Japan's trade deficit hits record high Y11.47 tril in 2013
Japan’s trade deficit swelled to a record 11.47 trillion yen in 2013, official data showed Monday, as the benefits of a cheap yen for exports were diluted by soaring post-Fukushima energy bills.
The shortfall marked the biggest deficit since comparable data started in 1979, according to the finance ministry, with the December deficit alone doubling from a year earlier.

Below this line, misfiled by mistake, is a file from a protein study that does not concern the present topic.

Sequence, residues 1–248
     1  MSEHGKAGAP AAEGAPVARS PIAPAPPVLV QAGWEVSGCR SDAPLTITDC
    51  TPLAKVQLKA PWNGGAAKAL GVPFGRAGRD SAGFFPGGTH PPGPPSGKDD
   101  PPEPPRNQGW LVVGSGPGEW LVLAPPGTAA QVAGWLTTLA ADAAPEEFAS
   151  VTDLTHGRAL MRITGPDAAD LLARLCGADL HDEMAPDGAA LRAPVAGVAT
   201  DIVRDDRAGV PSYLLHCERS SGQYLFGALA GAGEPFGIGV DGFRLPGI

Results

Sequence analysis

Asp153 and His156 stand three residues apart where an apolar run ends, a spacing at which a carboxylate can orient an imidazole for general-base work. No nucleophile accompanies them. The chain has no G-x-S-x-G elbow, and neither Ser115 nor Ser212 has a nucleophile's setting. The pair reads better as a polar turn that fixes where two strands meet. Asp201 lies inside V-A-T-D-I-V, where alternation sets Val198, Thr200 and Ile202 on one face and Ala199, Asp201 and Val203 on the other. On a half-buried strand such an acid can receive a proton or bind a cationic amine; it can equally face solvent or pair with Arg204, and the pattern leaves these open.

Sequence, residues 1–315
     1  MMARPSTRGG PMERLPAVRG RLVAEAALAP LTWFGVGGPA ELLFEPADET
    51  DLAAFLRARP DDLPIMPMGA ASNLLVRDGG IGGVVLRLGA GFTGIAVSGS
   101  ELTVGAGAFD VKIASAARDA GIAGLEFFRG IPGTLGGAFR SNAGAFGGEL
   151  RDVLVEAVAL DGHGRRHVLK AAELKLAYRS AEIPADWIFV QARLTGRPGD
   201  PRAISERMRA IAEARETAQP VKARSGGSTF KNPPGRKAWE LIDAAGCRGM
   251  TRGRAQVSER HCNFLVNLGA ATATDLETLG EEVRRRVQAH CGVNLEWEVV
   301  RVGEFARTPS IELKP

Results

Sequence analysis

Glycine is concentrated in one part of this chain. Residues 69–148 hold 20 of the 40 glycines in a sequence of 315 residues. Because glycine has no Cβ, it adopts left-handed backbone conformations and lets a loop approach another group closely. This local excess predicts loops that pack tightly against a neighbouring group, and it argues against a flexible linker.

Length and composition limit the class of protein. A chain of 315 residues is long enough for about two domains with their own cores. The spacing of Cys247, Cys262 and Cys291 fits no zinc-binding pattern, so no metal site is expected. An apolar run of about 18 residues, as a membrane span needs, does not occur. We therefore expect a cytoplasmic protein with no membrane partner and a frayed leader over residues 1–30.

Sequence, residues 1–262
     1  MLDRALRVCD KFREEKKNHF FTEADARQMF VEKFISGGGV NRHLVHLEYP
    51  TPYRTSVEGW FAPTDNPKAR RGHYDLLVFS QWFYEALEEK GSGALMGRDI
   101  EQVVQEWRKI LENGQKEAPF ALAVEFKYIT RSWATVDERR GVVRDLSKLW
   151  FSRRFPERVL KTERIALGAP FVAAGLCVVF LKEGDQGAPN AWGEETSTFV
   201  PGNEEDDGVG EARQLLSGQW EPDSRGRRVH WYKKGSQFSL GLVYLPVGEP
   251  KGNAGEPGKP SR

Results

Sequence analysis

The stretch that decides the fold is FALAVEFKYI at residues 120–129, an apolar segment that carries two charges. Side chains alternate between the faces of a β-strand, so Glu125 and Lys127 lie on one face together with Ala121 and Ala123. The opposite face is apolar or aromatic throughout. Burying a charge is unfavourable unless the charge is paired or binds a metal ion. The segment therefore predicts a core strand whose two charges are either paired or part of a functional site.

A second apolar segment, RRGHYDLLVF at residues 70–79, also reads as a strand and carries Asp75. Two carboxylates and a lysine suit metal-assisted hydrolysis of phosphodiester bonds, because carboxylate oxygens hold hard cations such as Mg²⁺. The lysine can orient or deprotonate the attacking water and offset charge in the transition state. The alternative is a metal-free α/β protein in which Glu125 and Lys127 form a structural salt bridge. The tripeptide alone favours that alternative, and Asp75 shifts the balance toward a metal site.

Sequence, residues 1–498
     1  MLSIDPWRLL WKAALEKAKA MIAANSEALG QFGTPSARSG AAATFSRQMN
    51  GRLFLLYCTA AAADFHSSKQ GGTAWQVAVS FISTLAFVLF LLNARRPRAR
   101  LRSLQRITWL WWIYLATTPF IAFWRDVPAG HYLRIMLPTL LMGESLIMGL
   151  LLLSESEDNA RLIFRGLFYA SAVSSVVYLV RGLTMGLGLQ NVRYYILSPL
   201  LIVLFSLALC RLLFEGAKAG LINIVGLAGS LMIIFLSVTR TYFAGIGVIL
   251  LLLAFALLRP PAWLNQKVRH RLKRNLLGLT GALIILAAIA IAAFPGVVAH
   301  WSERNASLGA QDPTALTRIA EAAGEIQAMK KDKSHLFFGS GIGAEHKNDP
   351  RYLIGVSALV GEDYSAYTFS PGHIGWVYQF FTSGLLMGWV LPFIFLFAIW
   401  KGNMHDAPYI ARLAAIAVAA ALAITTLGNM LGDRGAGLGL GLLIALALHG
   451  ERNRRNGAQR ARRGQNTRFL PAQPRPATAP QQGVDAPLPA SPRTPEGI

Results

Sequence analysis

Japanese energy imports surged after the 2011 Fukushima crisis forced the shutdown of nuclear reactors that once supplied a third of the nation’s power.
A sharp decline in the yen, which is good for exporters’ profitability, also forced up the cost of importing pricey fossil-fuels to plug the country’s energy gap.
The yen has been under pressure since Prime Minister Shinzo Abe, who took office in late 2012, launched a policy blitz that meshed government spending with a huge program of central bank monetary easing.
The growth plan, dubbed Abenomics, is aimed at kickstarting the world’s third-largest economy, which has been plagued by deflation for years.